If it were true that earthworms could grow back if cut in half, then worms could dispense with that messy sex business.
Worm sex is messy, although pretty efficient.
Worms are hermaphrodites, so they can mate with any other worm of their species (although not, as some would have you believe, with themselves).
They do that in a slimy sodden mess, by writhing, putting together their clitella (those enlarged bands near worms’ heads), and exchanging sperm.
Afterward both partners will likely be pregnant and each can lay an egg capsule about a week later. After fourteen to twenty-one days, one to five baby worms will be found under the pumpkin patch.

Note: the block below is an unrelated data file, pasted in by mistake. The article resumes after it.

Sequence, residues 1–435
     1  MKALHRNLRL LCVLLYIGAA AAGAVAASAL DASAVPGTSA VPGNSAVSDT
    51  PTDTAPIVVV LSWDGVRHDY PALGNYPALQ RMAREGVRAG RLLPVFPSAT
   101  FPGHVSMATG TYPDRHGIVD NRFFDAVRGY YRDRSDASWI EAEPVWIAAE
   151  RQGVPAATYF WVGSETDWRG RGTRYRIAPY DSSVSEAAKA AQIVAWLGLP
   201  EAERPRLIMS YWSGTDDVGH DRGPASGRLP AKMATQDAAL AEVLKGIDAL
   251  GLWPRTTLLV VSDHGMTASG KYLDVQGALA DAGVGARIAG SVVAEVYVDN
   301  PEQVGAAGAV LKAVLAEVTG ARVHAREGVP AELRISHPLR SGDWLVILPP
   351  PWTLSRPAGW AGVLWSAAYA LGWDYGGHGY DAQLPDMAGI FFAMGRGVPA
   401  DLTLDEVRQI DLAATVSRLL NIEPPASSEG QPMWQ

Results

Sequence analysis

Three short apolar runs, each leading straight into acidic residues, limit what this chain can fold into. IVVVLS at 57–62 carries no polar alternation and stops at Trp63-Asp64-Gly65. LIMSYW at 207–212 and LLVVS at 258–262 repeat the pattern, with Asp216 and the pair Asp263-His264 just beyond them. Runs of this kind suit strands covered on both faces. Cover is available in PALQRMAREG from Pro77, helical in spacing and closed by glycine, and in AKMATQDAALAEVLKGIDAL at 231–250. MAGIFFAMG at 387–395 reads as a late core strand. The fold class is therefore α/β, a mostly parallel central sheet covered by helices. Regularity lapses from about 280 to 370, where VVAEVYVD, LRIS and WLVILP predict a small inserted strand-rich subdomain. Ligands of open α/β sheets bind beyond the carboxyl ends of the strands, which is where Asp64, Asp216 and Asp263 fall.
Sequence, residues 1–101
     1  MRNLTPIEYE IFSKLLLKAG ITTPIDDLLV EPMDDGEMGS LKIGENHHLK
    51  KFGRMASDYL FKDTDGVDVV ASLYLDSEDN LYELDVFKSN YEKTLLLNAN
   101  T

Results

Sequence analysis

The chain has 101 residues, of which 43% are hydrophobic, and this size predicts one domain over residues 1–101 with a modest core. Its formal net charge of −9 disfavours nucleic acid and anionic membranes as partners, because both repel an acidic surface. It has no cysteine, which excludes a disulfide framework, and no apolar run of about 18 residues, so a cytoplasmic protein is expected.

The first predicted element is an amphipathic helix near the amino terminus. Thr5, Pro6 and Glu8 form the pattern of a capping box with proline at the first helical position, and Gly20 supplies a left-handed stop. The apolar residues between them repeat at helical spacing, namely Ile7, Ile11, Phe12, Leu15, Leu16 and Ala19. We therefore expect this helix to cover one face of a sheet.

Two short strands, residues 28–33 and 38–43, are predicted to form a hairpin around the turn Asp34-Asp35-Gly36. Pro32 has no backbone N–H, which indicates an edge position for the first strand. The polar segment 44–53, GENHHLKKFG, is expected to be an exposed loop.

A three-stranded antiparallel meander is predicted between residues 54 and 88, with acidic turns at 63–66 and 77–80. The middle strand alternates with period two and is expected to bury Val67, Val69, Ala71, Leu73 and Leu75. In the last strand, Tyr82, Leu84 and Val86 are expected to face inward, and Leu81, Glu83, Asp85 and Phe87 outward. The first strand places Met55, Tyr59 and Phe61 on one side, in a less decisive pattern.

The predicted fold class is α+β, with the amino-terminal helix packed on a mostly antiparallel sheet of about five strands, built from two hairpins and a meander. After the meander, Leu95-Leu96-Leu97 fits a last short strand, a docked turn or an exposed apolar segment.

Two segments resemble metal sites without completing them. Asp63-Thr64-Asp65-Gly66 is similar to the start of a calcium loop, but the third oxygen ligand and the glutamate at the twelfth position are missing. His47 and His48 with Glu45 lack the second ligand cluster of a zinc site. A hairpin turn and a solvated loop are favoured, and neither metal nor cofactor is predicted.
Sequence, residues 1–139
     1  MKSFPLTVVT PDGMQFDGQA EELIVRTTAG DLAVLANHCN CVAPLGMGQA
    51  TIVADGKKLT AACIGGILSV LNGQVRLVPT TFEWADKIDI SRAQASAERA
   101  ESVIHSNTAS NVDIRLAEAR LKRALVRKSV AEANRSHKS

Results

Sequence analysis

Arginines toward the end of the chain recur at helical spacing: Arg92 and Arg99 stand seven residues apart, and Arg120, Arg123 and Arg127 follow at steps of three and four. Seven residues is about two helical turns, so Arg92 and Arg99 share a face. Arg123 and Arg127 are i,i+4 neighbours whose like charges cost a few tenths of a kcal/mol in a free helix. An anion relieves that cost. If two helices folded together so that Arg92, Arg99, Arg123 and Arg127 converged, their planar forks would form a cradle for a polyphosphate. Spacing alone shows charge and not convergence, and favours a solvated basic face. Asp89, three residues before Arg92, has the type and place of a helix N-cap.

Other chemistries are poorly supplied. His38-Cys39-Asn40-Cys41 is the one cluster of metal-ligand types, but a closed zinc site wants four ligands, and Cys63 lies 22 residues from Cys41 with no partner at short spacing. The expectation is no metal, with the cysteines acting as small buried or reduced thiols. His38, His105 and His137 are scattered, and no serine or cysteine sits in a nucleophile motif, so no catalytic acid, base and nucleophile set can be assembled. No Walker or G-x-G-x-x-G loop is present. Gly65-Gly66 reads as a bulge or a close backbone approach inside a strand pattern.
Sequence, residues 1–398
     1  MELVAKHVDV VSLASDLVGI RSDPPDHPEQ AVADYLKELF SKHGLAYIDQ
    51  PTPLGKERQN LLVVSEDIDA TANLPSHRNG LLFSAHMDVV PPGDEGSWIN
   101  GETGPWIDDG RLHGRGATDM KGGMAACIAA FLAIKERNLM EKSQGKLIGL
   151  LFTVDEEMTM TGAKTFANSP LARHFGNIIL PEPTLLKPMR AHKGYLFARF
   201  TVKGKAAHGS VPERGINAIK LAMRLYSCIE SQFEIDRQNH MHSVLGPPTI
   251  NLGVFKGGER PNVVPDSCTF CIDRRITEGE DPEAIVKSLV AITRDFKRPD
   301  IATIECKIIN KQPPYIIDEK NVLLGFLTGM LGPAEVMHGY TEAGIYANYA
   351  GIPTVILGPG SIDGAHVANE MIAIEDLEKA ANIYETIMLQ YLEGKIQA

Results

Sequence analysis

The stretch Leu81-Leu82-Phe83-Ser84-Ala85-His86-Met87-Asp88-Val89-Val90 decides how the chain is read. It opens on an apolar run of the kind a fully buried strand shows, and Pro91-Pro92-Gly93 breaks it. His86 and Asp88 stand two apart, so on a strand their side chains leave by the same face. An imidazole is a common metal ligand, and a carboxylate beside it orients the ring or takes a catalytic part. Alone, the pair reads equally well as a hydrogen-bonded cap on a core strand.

The reality, of course, is that the “multiply by dividing” theory is a myth. While some worms can regrow a tail if they lose it, the part that’s lost will die.
True, the lopped-off tail can wriggle around helplessly for a few hours, but that’s just dead worm walkin’, somewhat akin to a chicken running around with no head, and the tail will eventually stop writhing.
The other end might also die from the injury, but at least it has a chance of surviving if its intestines and other vital organs are still intact.